This is a great show to indulge in some fun but genuinely thoughtful conversations about current affairs, and it was noted to have had a large appeal on viewers that were not only native Koreans, but also foreigners interested in Korea. The formatting of the show offered an open space to air opinions from various viewpoints, and it especially helped when the panel consisted of members from nations beyond Europe or America.

Certainly, “Abnormal Summit” can be highly relatable and helpful in providing cultural insight to learners who aren’t from Korea. It can also help to give an idea of how one can speak or express opinions about social and cultural issues, even if they may be a bit sensitive or obscure, and this is surely something of value for learners aspiring to live or do business in Korea.

“New Journey to the West”

korean variety shows

No backpacking trip with buddies is complete without playing some games on the road. Toss in some character role-play to the mix, and you get “New Journey to the West.”

This highly popular variety show features well-known Korean celebrities as they travel through different Asian hotspots while undergoing an assortment of challenges. The title of the series refers to the classic, 16th-century Chinese novel known as “Journey to the West.” The show’s very first season has the cast traversing through Xian, China role-playing as characters from the story.  Later seasons have the troop venturing to places in Vietnam, Japan, Hong Kong and even their home country of South Korea.

The fun of the show revolves around the chemistry of the cast and the unexpected games and missions they must endure. If you know anything about Korean group games, it’s that they can be quite demanding indeed, and there’s a lot of hilarious moments as members struggle and stumble through them.

Learners can expect to get acquainted with a number of enjoyable games played in Korean, including those that involve speech, singing or chanting, and the sheer amusement of how they’re played can make learning much more interesting and accessible. In many instances during these activities, the cast members often repeat a phrase, whether it’s due to the format of the game or because they’re desperate to win, so active listeners can readily pick up tidbits of new material. During the wayside moments where the cast isn’t subjected to some kind of game-based torture, there’s a lot of fun and casual banter tossed around that can boost a learner’s acquaintance with more informal, natural Korean.

Note: The streaming service Viu currently isn’t available for certain countries, including the US. However, you can easily find a bunch of clips from different seasons of the show on YouTube or Naver TV (only available in Korea).

“King of Mask Singer”

korean variety shows

If you’re a fan of the American TV series “The Masked Singer” then “King of Mask Singer” will be right up your alley in both entertainment and learning value.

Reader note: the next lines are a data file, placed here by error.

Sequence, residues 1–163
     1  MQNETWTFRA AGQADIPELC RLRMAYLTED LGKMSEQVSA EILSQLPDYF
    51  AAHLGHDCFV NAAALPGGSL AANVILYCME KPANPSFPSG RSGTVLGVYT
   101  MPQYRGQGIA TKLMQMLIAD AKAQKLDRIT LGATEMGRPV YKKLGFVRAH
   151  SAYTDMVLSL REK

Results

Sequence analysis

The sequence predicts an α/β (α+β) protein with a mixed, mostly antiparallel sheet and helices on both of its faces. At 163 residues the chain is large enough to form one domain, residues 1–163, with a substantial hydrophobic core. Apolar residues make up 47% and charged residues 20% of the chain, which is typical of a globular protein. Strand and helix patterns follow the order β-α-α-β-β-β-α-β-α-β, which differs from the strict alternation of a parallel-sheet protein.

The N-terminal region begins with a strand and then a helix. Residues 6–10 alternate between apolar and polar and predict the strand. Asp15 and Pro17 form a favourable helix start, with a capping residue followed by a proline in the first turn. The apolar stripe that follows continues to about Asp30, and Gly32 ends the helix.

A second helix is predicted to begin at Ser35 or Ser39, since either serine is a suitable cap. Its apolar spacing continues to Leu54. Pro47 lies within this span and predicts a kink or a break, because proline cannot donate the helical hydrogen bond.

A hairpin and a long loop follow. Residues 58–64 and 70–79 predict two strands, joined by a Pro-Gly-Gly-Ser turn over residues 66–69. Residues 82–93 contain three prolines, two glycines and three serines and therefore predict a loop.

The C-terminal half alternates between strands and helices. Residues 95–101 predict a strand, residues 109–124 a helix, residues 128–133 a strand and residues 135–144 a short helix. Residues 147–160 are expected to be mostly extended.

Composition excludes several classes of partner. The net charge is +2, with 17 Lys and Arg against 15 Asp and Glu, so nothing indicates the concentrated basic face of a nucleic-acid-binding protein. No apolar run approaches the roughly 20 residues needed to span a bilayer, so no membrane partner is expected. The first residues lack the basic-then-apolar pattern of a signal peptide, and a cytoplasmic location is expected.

In this show, different contestants compete in a paired singing competition while wearing some fabulous masks to hide their identities. By doing so, the judging panel’s ratings of each contestant aren’t biased toward their actual backgrounds. Besides belting out some favorite Korean tunes, the contestants are also open to panel interrogation and can showcase other neat tricks they can do (without revealing their real voices, of course), which can help the judges get an idea of who they really are. The losing contestant of each pair-off must unmask and reveal themselves while the winner goes on to challenge head-on the previous competition winner (known as the “King”) in hopes to steal the crown.

Learners get a chance to listen and learn some awesome Korean songs, from mainstream bops like “DNA” by BTS to classic hits relatively unknown to non-natives. The show will supply Korean subtitles for the lyrics, which you can certainly use to practice your Korean reading skills.

However, if singing and Korean learning is a match made in heaven for you, FluentU provides an opportunity for you to learn with music videos such as the aforementioned BTS song! The subtitles you get from FluentU aren’t just text transcriptions though—they’re interactive captions that offer definitions of words in context and example sentences, all available with a single tap. In this way, a total bop of a Korean song can become a fun learning opportunity!

Besides the songs themselves, the post-performance interrogation sessions, which have the judges verbally mulling over the contestants’ true identities, are also great for learning phrases for questioning and for expressing certainty or doubt. Additionally, the often heartfelt and enthusiastic interviews for unmasked contestants can provide some valuable Korean that involves describing one’s self and personal aspirations, as such contestants reveal their reasoning for participating in the competition.

 

Watch these Korean TV shows, and you’ll not only laugh and cry your heart out, you’ll learn a language, you’ll learn about a culture and you’ll even learn a thing or two about life. That’s hitting three birds with one stone. And that’s what I call a pretty darn good use of your time.

So now, there’s only one thing left to do… press “Play.”

If you liked this post, something tells me that you'll love FluentU, the best way to learn Korean with real-world videos.